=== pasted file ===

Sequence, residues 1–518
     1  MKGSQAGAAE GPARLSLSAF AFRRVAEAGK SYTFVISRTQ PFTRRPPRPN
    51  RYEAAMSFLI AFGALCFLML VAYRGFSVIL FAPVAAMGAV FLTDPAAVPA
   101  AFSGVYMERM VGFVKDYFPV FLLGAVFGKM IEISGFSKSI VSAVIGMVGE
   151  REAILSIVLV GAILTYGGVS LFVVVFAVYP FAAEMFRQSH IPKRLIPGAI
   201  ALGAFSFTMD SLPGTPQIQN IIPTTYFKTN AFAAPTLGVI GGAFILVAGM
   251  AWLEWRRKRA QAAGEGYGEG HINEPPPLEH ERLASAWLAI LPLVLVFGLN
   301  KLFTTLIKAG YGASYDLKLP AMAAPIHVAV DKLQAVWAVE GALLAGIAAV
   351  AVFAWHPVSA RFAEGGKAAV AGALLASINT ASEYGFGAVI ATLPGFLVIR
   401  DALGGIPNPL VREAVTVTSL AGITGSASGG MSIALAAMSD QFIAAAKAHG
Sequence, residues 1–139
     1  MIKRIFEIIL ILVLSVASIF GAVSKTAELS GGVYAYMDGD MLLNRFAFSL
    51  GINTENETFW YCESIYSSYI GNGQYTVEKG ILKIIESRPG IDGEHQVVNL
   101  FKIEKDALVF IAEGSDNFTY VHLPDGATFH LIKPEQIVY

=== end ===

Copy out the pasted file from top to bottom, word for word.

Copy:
Sequence, residues 1–518
     1  MKGSQAGAAE GPARLSLSAF AFRRVAEAGK SYTFVISRTQ PFTRRPPRPN
    51  RYEAAMSFLI AFGALCFLML VAYRGFSVIL FAPVAAMGAV FLTDPAAVPA
   101  AFSGVYMERM VGFVKDYFPV FLLGAVFGKM IEISGFSKSI VSAVIGMVGE
   151  REAILSIVLV GAILTYGGVS LFVVVFAVYP FAAEMFRQSH IPKRLIPGAI
   201  ALGAFSFTMD SLPGTPQIQN IIPTTYFKTN AFAAPTLGVI GGAFILVAGM
   251  AWLEWRRKRA QAAGEGYGEG HINEPPPLEH ERLASAWLAI LPLVLVFGLN
   301  KLFTTLIKAG YGASYDLKLP AMAAPIHVAV DKLQAVWAVE GALLAGIAAV
   351  AVFAWHPVSA RFAEGGKAAV AGALLASINT ASEYGFGAVI ATLPGFLVIR
   401  DALGGIPNPL VREAVTVTSL AGITGSASGG MSIALAAMSD QFIAAAKAHG
Sequence, residues 1–139
     1  MIKRIFEIIL ILVLSVASIF GAVSKTAELS GGVYAYMDGD MLLNRFAFSL
    51  GINTENETFW YCESIYSSYI GNGQYTVEKG ILKIIESRPG IDGEHQVVNL
   101  FKIEKDALVF IAEGSDNFTY VHLPDGATFH LIKPEQIVY